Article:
Days of hummus and falafel

Mike recalls vegetarian menus with a Mediterranean flavor.

By Mike Lewis

In the place where I grew up, the staple fast foods - although no-one used that term in those days - were hummus, falafel and tahini. No, this wasn't some exotic outreach of the Mediterranean. It was a corner of north London with a southern European immigrant community, plus an indigenous Jewish population that was anxious to forge links with what was then the new state of Israel.

Our local hangout was a dive called Amando's, just off the Finchley Road. In the mid 1960s, Amando's enjoyed a brief spell of fame and prosperity, thanks to a mention in that bible of budget travel, Europe on $5 a day. Scores of backpacking Americans would descend on the place. They would stare around, bemused at the scruffy surroundings and the spartan decor. But they never hesitated to indulge in the ample portions of sustaining food.

Armando's specialité de la maison consisted of a huge pitta, stuffed full with a generous helping of falafel and salad, and topped with a large dollop of tahini. It costs just half a crown, which is 12.5p in modern British money, or about 20 US cents. A more nutritious meal could not be had for the price in the whole of London.

Today, the type of food that Armando's served is available just about everywhere. Tahini comes in jars, and you can buy falafel mix in most health food stores - though making the real thing takes only a little extra effort. In many ways, these are ideal foods for vegetarians and vegans.

Tahini spreads and dressings

Tahini consists entirely of pureed sesame seeds. You can use it straight from the jar as a spread. Or you can thin it with a little water to make a tasty sauce or salad dressing.

My favorite dressing is made from three quarters of a cup (about 6 fl oz, 180 ml) of tahini, one and quarter cups (10 fl oz, 300 ml) of water, the juice of one lemon, a crushed garlic clove and a little ground cumin. You simply mix the ingredients together, varying the amount of water according to how thick you want the result to be. There are plenty of variations on the theme, for example using soy sauce or tamari in place of some of the water.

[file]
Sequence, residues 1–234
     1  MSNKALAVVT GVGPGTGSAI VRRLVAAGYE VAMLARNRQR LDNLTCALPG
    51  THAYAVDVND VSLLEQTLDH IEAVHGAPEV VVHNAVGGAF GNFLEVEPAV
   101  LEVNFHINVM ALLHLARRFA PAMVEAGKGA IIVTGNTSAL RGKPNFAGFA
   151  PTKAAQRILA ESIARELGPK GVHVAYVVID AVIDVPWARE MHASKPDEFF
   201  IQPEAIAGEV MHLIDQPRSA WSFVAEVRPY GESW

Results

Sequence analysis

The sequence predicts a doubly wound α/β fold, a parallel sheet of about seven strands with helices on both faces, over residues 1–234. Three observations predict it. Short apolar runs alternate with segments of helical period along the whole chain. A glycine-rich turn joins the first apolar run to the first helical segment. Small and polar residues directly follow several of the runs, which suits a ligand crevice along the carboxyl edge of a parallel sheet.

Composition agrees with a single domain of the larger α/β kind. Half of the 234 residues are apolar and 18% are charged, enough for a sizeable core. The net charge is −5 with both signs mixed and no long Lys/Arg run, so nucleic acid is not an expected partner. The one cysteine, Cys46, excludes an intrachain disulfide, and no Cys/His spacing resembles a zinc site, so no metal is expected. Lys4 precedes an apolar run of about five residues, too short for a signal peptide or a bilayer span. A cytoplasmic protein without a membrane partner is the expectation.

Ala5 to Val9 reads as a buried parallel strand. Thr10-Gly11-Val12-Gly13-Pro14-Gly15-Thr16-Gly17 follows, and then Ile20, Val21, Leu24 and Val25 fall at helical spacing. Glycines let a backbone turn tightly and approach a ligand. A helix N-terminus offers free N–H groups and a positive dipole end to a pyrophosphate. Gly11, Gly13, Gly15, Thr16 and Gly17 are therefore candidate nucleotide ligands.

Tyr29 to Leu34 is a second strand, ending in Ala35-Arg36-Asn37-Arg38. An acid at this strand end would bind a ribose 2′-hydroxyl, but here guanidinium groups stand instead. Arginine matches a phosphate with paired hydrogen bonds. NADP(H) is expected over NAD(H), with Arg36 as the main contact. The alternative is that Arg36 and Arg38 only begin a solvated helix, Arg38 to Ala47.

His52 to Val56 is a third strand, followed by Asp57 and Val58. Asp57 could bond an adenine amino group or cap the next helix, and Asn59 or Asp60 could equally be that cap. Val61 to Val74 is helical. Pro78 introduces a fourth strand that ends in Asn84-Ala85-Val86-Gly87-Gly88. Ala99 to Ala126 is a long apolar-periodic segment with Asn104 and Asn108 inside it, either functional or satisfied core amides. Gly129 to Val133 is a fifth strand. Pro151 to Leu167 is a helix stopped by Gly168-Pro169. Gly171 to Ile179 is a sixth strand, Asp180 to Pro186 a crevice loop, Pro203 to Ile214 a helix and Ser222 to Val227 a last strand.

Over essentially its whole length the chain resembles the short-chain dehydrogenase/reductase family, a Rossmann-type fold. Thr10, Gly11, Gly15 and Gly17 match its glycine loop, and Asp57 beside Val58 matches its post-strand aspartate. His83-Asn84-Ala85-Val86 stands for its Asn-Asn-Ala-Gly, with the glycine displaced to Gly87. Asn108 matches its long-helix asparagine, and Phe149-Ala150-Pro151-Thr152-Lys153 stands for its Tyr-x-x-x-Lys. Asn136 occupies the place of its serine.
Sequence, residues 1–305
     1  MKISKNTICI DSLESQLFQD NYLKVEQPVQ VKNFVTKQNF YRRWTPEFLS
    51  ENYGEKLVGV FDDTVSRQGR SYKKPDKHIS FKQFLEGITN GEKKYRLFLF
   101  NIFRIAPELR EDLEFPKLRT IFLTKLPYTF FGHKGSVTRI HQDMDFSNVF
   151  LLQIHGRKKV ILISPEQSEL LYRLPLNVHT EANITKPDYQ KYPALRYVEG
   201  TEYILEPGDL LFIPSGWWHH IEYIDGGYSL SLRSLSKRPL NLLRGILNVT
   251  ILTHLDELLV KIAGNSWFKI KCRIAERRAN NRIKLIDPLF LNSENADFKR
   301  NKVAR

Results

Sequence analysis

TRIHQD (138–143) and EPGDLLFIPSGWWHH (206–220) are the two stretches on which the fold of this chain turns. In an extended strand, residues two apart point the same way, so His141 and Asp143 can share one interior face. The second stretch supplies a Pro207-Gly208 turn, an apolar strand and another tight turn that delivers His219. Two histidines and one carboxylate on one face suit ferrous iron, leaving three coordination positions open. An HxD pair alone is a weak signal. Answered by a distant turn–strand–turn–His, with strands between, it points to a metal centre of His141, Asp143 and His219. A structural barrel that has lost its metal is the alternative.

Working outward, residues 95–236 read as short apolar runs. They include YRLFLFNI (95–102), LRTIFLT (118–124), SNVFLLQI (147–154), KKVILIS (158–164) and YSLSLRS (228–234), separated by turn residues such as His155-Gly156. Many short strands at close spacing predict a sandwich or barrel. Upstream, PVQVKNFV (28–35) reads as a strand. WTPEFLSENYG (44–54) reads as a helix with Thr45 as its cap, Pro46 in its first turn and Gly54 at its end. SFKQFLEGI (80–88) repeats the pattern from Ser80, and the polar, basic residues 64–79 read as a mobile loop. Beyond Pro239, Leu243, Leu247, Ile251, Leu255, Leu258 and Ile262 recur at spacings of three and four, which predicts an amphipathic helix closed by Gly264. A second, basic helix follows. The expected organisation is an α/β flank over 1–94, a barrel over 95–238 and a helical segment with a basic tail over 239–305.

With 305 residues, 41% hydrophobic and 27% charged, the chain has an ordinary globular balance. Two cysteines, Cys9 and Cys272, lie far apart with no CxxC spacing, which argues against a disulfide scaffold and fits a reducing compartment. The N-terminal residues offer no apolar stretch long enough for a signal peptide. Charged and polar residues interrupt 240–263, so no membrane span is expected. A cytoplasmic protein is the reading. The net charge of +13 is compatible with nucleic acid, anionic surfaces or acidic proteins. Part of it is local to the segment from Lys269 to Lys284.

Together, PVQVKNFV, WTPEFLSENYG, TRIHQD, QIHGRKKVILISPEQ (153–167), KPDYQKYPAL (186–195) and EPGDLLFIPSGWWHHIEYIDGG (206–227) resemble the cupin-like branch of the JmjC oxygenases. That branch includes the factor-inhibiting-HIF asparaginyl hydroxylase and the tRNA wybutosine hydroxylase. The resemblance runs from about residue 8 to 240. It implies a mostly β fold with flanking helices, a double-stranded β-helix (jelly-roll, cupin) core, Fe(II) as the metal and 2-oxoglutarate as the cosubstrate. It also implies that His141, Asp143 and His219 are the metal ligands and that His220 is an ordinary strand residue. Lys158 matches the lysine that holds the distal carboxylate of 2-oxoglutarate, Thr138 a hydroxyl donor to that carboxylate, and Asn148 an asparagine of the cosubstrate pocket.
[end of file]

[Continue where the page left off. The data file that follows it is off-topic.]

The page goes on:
Hummus is made from chickpeas (garbanzo beans) and tahini. You can use either a cup (8 oz, 225 g) of dried chickpeas, soaked and boiled, or one 14-oz (400 g) can. Crush the chickpeas, then blend them with three quarters of a cup (6 fl oz, 180 ml) of tahini, the juice of two lemons, a crushed garlic clove and six tablespoons of olive oil. The result is a delicious spread or dip.


Falafel is also made from chickpeas. You can use either two cans of chickpeas, or a pound (450 g) of the dried variety, soaked and boiled. Blend them with two minced garlic cloves, a couple of teaspoons each of ground cumin and ground coriander, and enough water to make a very thick paste. Form into balls the size of walnuts, coat with flour, and deep fry for about three minutes.

You can serve falafel hot as part of a main course, or cold with hummus and salad. For a picnic or barbecue, make a crunchy salad with lettuce, celery and cucumber. Stuff into pittas, adding a couple of falafel balls to each one. Finally, pour on a good tablespoon of tahini. The result: A delectable snack, plus happy memories for anyone who grew up in N.W.6.

March 2003

Please note: Neither Veg World nor its contributors are qualified to give medical or nutritional advice. If in doubt, always consult a suitably-qualified professional.

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